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Corruption will cost former Assembly speaker 12 years in prison, nearly $7 million

Sheldon Silver, the definition of Albany power spanning two decades, this afternoon was sentenced to 12 years in prison for tapping into his extraordinary influence over state government to personally enrich himself.

He also was ordered to forfeit $5,179,106.12 from proceeds from his crimes, according to tweets from Newsday in the courtroom, and was fined an additional $1.75 million.

Silver, 72, will surrender July 1.

“I’ve let down my constituents, family and colleagues,” Silver said before his sentencing, according to tweets from the New York Times, “and I’m truly, truly sorry for that.”

U.S. District Judge Valerie Caproni seemed to agree, saying: “The letters clearly and persuasively paint a picture of a talented politician who went above and beyond the call of duty.”


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U.S. Attorney Preet Bharara said on Twitter just after the sentencing: “Today’s stiff sentence is a just and fitting end to Sheldon Silver’s long career of corruption.”

In urging a significant sentence, one of the federal prosecutors, according to media accounts, summed up Silver’s actions: “Just pure greed.’’

Silver’s defense attorney asked for community service and house arrest for the seven-count corruption conviction.

“He won’t weather this storm. Whatever leniency your honor will seek to give him. ... He is already crushed. He has been devastated,” his defense attorney said.

Under federal guidelines, the sentence could have been between 21 and 27 years, but the judge said she would not follow the guidelines, according to Newsday tweets.

“I am not going to impose a guidelines sentence in this case,” Caproni said, adding it would be “draconian and unjust” given Silver’s age.

In the ever-surreal world of Albany, Silver’s former colleagues in the Assembly, at the same moment Silver was seated in a courtroom awaiting his sentencing, officially seated his replacement, Alice Cancel. On April 19, Cancel won a special election victory to represent the lower Manhattan district Silver was first elected to represent in 1976.

It will be a busy month for the district court. Senate Majority Leader Dean Skelos, a Long Island Republican, is set to be sentenced May 12 in his own separate corruption case.

The sentencing comes as a new poll out this morning finds 93 percent of New Yorkers believe corruption in Albany is a serious problem. And the poll by Siena College was conducted before the issuance of a subpoena to Gov. Andrew M. Cuomo’s office as part of a widening probe that began last year of the Buffalo Billion program.

Bharara, who prosecuted both Silver and Skelos, last month asked the judge to impose “significant” prison time for the former Assembly leader. He said Silver’s crimes, which personally enriched Silver, are worth at least 14 years in prison and that he should be required to give up nearly $5.2 million in his “crime proceeds.”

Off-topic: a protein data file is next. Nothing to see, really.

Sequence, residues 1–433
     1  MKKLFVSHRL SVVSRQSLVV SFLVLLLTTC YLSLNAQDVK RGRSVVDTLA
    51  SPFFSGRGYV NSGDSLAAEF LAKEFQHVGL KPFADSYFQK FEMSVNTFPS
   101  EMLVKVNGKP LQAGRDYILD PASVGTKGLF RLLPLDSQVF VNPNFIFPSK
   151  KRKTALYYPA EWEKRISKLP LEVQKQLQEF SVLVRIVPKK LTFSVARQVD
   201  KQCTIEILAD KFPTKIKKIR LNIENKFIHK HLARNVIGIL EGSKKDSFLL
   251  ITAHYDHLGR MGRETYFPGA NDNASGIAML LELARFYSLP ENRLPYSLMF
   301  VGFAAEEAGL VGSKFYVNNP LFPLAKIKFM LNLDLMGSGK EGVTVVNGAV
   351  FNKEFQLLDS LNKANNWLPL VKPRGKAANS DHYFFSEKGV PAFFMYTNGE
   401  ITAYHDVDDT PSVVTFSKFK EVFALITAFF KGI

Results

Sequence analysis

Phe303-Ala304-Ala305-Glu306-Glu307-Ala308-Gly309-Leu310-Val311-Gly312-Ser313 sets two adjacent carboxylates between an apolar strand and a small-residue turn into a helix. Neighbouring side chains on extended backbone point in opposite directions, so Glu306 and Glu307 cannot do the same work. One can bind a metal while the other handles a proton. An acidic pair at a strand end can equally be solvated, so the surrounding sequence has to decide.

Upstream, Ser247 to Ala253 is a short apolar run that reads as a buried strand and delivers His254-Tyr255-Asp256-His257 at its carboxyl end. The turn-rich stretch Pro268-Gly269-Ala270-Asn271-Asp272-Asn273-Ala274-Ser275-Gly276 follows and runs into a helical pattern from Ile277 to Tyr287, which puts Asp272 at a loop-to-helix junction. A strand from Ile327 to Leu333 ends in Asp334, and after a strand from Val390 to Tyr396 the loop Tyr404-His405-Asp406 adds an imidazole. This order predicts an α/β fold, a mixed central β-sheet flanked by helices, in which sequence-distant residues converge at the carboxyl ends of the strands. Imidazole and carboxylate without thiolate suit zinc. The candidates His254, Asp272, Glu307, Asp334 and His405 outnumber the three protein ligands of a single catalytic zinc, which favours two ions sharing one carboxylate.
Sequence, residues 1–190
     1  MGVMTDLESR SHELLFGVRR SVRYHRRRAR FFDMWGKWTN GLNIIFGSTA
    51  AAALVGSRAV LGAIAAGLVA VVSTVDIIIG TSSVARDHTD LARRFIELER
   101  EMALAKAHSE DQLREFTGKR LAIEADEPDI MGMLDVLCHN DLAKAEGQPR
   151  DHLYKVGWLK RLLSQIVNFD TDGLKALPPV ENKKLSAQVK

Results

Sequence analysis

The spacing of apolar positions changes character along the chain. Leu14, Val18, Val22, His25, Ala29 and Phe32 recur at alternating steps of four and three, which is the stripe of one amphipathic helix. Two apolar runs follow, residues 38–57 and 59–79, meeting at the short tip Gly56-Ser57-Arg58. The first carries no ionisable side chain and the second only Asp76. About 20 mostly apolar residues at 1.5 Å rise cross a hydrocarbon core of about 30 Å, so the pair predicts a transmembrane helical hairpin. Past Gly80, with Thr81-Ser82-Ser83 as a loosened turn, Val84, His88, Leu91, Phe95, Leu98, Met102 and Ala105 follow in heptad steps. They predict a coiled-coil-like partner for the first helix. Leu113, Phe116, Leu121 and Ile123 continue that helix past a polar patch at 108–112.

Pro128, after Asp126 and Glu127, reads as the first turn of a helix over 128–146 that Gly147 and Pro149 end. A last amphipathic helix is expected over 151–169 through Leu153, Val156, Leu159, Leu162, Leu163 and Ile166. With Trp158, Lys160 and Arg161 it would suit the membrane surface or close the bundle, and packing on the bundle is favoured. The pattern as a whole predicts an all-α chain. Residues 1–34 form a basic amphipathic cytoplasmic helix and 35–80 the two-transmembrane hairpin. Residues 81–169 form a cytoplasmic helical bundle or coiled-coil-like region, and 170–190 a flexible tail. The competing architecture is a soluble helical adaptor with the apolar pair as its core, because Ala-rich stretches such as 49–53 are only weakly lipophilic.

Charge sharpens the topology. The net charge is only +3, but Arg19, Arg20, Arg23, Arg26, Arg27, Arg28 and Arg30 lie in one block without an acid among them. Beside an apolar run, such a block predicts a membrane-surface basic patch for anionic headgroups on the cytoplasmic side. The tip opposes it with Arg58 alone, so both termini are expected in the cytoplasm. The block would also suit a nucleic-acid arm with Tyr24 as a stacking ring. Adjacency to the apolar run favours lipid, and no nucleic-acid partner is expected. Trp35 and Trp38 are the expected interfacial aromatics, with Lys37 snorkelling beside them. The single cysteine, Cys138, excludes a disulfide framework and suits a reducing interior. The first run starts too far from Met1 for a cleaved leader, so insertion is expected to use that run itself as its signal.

“Silver’s crimes corrupted the institution that he led for more than 20 years,” Bharara wrote in a pre-sentencing court filing last month. Papers filed by Bharara also were unsealed last month in which prosecutors accused Silver of having two extramarital affairs, one with a lobbyist with business before the Assembly and another who used his influence to get a state job.

Silver’s attorneys put on their own pre-sentencing front, including in their own court filing with the judge a personal appeal from Silver.

“I failed the people of New York,” Silver said in a letter penned to the judge.

Lawyers submitted letters in support of Silver from constituents, former New York City Mayor David Dinkins and at least two union leaders. Silver’s lawyers sought to highlight the former speaker’s contributions to New York, and they made a medical appeal: They said Silver has prostate cancer.

Silver’s conviction cost him his Assembly seat, which includes the lower east side of Manhattan, as well as his bar license.

Silver was convicted by a jury last November on all seven counts against him, including honest services fraud and money laundering on charges he used his state position to make millions in law firm income by taking advantage of his power role in state government, including providing state contracts to a cancer researcher who then steered patients to a law firm connected to Silver.

Silver was elected to the Assembly in 1976, and he became Speaker in 1994. He was the Assembly Democrats’ negotiator with the Senate and governors on more than $2 trillion worth of state budget spending, and he controlled everything from the shape of Assembly district boundaries to how much money went to school districts across the state to criminal justice policy matters.

The Siena poll released this morning found that 97 percent of New Yorkers believe it is important that Albany’s corruption problems be the top concern for Cuomo and lawmakers before this year’s legislative session ends next month.

Fifty-six percent of respondents in the poll said they support banning outside income of lawmakers and making the Legislature a full-time body. They also have little tolerance for giving lawmakers a raise if the Legislature goes to full-time status; 56 percent said their current base salary should remain at $79,500, where it has been since 1999.

“Corruption even beats out education, affordable housing and combatting the heroin epidemic as the single most important issue,” said Steve Greenberg, the Siena poll’s spokesman.